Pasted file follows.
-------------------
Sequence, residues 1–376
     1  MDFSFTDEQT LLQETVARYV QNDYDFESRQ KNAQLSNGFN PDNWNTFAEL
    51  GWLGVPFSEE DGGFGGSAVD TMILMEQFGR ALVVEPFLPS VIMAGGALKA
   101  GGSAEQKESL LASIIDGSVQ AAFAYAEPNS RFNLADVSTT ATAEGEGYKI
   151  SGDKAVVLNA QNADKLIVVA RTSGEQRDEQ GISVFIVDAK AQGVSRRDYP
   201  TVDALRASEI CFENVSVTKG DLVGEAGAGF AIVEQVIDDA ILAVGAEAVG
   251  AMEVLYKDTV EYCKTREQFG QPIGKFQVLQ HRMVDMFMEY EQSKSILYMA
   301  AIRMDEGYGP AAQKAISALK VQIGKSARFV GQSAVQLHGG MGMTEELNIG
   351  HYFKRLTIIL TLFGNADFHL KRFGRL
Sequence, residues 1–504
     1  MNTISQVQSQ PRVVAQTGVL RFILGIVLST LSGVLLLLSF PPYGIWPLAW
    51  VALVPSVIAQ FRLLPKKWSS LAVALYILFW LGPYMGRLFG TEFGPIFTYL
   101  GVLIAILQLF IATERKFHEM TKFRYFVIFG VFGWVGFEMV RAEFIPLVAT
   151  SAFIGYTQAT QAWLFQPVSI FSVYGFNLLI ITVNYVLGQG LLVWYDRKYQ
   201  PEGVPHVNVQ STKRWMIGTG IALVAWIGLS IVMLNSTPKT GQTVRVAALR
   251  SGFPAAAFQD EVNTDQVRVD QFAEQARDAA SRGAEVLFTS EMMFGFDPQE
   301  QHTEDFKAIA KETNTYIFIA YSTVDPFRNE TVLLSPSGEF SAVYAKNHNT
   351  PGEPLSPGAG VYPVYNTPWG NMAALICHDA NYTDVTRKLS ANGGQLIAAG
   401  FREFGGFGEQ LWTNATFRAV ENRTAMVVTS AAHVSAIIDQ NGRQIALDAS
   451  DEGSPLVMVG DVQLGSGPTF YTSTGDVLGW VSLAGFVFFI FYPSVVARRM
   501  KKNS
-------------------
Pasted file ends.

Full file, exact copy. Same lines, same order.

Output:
Sequence, residues 1–376
     1  MDFSFTDEQT LLQETVARYV QNDYDFESRQ KNAQLSNGFN PDNWNTFAEL
    51  GWLGVPFSEE DGGFGGSAVD TMILMEQFGR ALVVEPFLPS VIMAGGALKA
   101  GGSAEQKESL LASIIDGSVQ AAFAYAEPNS RFNLADVSTT ATAEGEGYKI
   151  SGDKAVVLNA QNADKLIVVA RTSGEQRDEQ GISVFIVDAK AQGVSRRDYP
   201  TVDALRASEI CFENVSVTKG DLVGEAGAGF AIVEQVIDDA ILAVGAEAVG
   251  AMEVLYKDTV EYCKTREQFG QPIGKFQVLQ HRMVDMFMEY EQSKSILYMA
   301  AIRMDEGYGP AAQKAISALK VQIGKSARFV GQSAVQLHGG MGMTEELNIG
   351  HYFKRLTIIL TLFGNADFHL KRFGRL
Sequence, residues 1–504
     1  MNTISQVQSQ PRVVAQTGVL RFILGIVLST LSGVLLLLSF PPYGIWPLAW
    51  VALVPSVIAQ FRLLPKKWSS LAVALYILFW LGPYMGRLFG TEFGPIFTYL
   101  GVLIAILQLF IATERKFHEM TKFRYFVIFG VFGWVGFEMV RAEFIPLVAT
   151  SAFIGYTQAT QAWLFQPVSI FSVYGFNLLI ITVNYVLGQG LLVWYDRKYQ
   201  PEGVPHVNVQ STKRWMIGTG IALVAWIGLS IVMLNSTPKT GQTVRVAALR
   251  SGFPAAAFQD EVNTDQVRVD QFAEQARDAA SRGAEVLFTS EMMFGFDPQE
   301  QHTEDFKAIA KETNTYIFIA YSTVDPFRNE TVLLSPSGEF SAVYAKNHNT
   351  PGEPLSPGAG VYPVYNTPWG NMAALICHDA NYTDVTRKLS ANGGQLIAAG
   401  FREFGGFGEQ LWTNATFRAV ENRTAMVVTS AAHVSAIIDQ NGRQIALDAS
   451  DEGSPLVMVG DVQLGSGPTF YTSTGDVLGW VSLAGFVFFI FYPSVVARRM
   501  KKNS